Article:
Investigation on the combustion of single LOX droplets in a hydrogen environment under microgravity conditions (HYDRA)

research area: combustion

experiment title:

Investigation on the combustion of single LOX droplets in a hydrogen environment under microgravity conditions

experiment acronym: HYDRA

funding agency: DLR

grant number: 50WM1645

performing organization:

ZARM, Universität Bremen /

Institut für Physikalische Hochtechnologie e.V. (IPHT), Bereich Lasertechnik, Jena /

University of Washington, USA

prime investigator:

Christian Eigenbrod / Dr. Wolfgang Paa / Prof. Hermanson

experiment objective


The goal of the project HYDRA is the investigation on the combustion of single liquid oxygen (LOX) droplets in a hydrogen environment under microgravity conditions. To enable these conditions an experimental setup was developed and integrated into a drop tower capsule. In parallel to the drop tower experiments the University of Washington develops a numerical combustion simulation and parametric studies are performed to be compared with experimental results. Typical applications for hydrogen-oxygen combustion are rocket engines. The main components of the experimental setup are the combustion chamber, which is sheathed by a liquid nitrogen (LN2) container and a vacuum container for insulation purpose. The combustion chamber is developed to withstand an initial pressure of 52 bar (supercritical). The initial temperature will be 77 K by cooling with LN2. To generate a LOX droplet gaseous oxygen will be led into a cryogenic needle valve. Due to the LN2 sheath the oxygen condensates and will enter the combustion chamber when the valve is opened. A single droplet will then be suspended. In microgravity the droplet will be ignited through a plasma discharge generated by a Nd:YAG laser and the combustion will be observed. Ambient pressure and the constitution of the atmosphere are the parameters to be varied. To be measured or diagnosed are: the droplet diameter through shadowgraphy, the instant of the flame and it’s diameter through OH-PLIF, OH-chemiluminescence and Schlieren optics, the temperature field information are derived from the density gradients visualized through the Schlieren optics.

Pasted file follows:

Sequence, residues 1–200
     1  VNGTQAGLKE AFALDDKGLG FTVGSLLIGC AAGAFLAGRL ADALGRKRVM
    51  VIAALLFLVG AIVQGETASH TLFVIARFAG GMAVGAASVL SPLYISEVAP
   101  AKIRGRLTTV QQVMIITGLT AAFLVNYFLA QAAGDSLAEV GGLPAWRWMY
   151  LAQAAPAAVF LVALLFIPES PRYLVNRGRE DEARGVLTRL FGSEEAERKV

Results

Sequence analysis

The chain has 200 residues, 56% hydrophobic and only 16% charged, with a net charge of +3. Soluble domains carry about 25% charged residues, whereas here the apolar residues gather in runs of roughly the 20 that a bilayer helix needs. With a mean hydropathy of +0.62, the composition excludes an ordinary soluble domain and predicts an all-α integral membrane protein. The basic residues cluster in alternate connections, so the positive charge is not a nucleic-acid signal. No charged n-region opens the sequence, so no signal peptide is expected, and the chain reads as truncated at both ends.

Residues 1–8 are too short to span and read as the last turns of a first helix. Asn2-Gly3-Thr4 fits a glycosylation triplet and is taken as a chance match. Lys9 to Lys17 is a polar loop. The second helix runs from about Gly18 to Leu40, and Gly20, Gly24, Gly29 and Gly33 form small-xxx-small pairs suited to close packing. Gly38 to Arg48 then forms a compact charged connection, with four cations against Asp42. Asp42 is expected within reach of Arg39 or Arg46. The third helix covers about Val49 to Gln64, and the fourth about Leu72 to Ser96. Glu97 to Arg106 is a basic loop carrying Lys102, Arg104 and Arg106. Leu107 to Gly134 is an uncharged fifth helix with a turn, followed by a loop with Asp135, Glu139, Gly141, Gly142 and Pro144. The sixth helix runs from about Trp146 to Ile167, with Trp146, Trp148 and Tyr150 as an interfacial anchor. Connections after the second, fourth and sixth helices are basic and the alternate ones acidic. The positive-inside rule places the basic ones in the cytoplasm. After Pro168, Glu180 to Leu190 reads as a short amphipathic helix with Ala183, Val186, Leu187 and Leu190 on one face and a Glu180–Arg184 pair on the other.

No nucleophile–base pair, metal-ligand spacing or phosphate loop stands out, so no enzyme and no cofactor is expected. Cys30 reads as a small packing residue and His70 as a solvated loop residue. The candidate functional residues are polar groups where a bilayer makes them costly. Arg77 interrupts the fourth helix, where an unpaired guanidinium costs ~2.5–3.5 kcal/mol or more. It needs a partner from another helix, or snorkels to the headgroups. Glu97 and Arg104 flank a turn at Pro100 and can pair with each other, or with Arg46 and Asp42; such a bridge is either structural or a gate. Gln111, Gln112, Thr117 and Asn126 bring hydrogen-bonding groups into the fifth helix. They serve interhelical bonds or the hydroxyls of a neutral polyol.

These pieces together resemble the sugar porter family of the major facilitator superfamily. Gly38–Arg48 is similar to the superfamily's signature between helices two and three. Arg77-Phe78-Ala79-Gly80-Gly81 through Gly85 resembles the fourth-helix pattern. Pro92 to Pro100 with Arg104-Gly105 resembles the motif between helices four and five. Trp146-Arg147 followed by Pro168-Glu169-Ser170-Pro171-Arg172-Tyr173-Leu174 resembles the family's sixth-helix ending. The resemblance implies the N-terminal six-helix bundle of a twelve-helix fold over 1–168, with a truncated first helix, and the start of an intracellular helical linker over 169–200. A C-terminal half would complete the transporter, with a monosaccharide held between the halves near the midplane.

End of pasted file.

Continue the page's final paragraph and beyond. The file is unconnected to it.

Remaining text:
experiment campaigns

experiment year: 2019
number of drops: 58